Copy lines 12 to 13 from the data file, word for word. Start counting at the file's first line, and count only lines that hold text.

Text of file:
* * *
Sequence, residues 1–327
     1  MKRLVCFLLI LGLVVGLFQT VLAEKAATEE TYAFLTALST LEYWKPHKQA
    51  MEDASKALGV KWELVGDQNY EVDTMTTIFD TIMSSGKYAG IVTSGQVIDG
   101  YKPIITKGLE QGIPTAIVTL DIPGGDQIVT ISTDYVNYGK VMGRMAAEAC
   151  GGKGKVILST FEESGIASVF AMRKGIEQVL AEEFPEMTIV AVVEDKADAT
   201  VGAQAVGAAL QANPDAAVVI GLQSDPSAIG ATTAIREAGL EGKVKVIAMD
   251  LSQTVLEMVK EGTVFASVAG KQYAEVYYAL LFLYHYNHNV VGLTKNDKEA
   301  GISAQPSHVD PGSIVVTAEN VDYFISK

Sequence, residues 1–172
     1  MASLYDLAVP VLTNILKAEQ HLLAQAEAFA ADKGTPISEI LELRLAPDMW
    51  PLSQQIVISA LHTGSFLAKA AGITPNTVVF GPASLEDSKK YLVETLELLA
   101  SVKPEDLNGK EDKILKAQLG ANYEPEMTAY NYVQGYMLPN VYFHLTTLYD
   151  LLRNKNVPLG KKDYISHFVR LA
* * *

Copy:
   101  SVKPEDLNGK EDKILKAQLG ANYEPEMTAY NYVQGYMLPN VYFHLTTLYD
   151  LLRNKNVPLG KKDYISHFVR LA